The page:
American aerospace company, Rocket Labs kicked off its ‘I Can’t Believe It’s Not Optical’ mission for an information services company, Capella Space, launching satellite Sequoia atop Rocket Lab’s launch vehicle, ‘Electron’.
The lift-off took place from Rocket Lab Launch Complex 1, Mahia Peninsula, New Zealand when the weather was 90% in favour. The launch provided a stunning sight, especially since the launchpad is located at one of the most beautiful sites on Earth.
— Rocket Lab (@RocketLab) August 31, 2020
The spacecraft reached Max Q (point of maximum mechanical stress) at T+ 00:01:15. The main stage cut off (MECO) occurred at 2 minutes and 41 seconds from lift-off. This was followed by stage separation. The two fairing halves were separated at T+ 00:03:15. Fairing separation exposes the satellites to the space for deployment into orbit. At T+ 00:06:29, the battery hot-swap was executed successfully. Shortly after, Rocket Lab took to Twitter to confirm the deployment of the satellite.
Earlier, on 4th July, the Electron rocket encountered a failure just a few minutes after the launch. The company conducted an investigation and found out that a single faulty electric connection in the upper stage caused the failure. The company stated that the issue was “very, very sneaky and tricky”, but was under their control. Since then, “I Can’t Believe It’s Not Optical” is the first mission undertaken by the company.
About The Mission And The Payload
The mission statement noted that “Capella’s payload, ‘Sequoia’, is a single 100 kg class microsatellite which will be the first publicly available satellite in the company’s commercial Synthetic Aperture Radar (SAR) constellation.” The satellite will be positioned at 45 degrees into the Earth’s orbit to gain coverage over places like Middle East, Europe, Africa, South East Asia, the US, among others.
The name of this mission is a reference to the SAR technology of Capella, which offers high-quality Earth-imaging whether it’s a day or night. The mission statement noted that the space-based radar could detect sub 0.5 meter changes on Earth. This means that the radar can provide important information and on-demand data, which is important for security, agriculture and infrastructure. Additionally, it serves as an efficient disaster management system for response and recovery.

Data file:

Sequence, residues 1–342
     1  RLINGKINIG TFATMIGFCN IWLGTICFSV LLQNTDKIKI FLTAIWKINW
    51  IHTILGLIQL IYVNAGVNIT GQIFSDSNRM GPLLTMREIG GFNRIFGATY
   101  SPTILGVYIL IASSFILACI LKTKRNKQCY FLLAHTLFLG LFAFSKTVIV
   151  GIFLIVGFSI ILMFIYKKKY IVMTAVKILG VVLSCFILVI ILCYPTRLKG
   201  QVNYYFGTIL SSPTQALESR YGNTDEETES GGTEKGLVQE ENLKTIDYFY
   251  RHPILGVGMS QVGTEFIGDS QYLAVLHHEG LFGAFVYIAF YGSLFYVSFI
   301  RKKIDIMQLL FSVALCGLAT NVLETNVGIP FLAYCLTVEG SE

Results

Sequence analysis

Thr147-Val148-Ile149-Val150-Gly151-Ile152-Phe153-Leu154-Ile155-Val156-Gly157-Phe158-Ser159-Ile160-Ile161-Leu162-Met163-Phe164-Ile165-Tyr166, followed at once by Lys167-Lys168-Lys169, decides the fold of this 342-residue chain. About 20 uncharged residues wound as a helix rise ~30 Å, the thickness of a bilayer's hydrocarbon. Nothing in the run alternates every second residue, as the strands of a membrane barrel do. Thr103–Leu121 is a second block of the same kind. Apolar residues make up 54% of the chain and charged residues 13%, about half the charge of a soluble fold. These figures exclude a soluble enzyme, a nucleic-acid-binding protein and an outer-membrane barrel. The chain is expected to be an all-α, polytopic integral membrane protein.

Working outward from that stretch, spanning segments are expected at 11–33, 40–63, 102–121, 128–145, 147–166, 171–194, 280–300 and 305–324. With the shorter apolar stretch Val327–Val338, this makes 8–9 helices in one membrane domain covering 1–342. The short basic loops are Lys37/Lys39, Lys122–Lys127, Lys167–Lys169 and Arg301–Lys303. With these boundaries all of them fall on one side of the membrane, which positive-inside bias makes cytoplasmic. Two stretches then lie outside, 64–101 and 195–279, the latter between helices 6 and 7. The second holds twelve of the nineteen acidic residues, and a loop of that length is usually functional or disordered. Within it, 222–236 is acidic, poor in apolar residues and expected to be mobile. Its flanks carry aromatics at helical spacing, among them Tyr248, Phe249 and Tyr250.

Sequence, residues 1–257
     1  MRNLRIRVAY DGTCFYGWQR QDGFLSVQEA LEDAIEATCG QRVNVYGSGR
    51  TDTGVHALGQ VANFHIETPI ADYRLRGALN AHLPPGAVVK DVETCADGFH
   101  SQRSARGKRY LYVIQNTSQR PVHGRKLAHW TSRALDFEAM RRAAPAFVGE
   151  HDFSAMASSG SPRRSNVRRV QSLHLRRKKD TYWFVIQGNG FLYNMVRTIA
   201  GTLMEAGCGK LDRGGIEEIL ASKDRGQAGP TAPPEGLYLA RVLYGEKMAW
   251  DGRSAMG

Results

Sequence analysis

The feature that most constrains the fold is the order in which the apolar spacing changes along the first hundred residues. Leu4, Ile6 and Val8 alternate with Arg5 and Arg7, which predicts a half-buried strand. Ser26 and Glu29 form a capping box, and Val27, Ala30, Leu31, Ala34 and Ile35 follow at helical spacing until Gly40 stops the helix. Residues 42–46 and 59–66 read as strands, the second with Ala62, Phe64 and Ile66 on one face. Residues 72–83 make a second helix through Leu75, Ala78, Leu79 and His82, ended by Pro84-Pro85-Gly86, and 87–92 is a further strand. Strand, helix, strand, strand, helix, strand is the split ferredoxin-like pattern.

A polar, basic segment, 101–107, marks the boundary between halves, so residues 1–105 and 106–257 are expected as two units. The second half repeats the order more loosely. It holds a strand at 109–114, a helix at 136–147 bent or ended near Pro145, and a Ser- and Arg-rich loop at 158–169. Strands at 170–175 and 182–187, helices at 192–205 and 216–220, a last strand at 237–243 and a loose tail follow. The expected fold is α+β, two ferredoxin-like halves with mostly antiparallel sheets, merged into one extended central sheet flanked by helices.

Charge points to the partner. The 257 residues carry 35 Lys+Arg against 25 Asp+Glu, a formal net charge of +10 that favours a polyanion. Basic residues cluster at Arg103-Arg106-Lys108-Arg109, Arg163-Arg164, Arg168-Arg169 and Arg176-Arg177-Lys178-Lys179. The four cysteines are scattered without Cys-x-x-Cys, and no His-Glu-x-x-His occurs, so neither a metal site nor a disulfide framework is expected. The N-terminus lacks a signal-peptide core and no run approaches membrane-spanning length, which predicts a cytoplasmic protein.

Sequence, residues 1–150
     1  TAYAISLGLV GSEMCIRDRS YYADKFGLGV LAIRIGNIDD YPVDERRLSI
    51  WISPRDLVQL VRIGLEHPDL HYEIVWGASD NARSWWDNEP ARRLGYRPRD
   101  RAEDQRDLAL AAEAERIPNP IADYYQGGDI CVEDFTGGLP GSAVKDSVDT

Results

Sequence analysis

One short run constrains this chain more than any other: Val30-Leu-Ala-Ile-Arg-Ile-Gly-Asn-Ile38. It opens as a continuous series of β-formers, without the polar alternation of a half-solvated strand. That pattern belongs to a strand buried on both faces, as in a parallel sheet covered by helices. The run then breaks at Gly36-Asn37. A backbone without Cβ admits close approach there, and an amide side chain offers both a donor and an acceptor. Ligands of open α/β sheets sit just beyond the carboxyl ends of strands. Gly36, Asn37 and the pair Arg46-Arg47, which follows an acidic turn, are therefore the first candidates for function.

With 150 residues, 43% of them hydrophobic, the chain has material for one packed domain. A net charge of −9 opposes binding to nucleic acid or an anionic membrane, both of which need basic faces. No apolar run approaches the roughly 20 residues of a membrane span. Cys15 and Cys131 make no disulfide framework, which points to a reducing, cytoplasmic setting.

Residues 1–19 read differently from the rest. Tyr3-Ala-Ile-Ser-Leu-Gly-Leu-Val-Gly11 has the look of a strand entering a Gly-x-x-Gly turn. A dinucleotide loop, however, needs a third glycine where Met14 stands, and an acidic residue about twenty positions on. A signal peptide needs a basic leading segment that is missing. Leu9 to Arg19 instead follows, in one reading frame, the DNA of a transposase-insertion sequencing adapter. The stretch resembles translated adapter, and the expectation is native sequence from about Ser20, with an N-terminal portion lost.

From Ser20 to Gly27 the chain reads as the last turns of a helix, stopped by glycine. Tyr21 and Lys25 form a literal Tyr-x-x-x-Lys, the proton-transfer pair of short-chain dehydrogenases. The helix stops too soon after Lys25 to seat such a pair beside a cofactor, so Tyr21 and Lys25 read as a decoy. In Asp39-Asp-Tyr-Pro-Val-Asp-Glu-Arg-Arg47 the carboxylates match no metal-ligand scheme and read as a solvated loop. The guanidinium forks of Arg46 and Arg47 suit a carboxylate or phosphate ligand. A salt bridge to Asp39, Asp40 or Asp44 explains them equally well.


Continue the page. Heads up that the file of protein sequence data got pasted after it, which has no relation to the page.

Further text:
What’s impressive about the mission is that Rocket Lab has pulled off a major increase in the payload capacity from 225 kg to 300 kg, by merely adding some new batteries.
‘I Can’t Believe It’s Not Optical’ marks the first launch of the Whitney constellation, along with the 14th orbital launch of the Electron rocket.
In this mission, the company did not intend to recover the first stage yet. Instead, the first stage plunged into the Pacific Ocean. The company stated that Electron is too small to handle vertical landings like Falcon 9 booster. The Electron booster cannot hold adequate fuel that is required for landing back on Earth. However, Rocket Lab is seeking booster recovery in a block upgrade to the Electron rocket. The company will attempt to recover the first stage, for the very first time, in the 17th flight. Rocket Lab intends to achieve the re-entry through parachute deployment and ocean recovery, followed by a thorough inspection. Rocket Lab CEO, Peter Beck, stated:
This was a busy day for space programs as SpaceX also launched its SAOCOM-1B satellite up on the Falcon 9 rocket. SpaceX has rescheduled its Starlink Mission to 1st September ahead of iffy weather conditions, and the SN6 hop will also be conducted sometime this week.
In case you missed it, watch the launch here.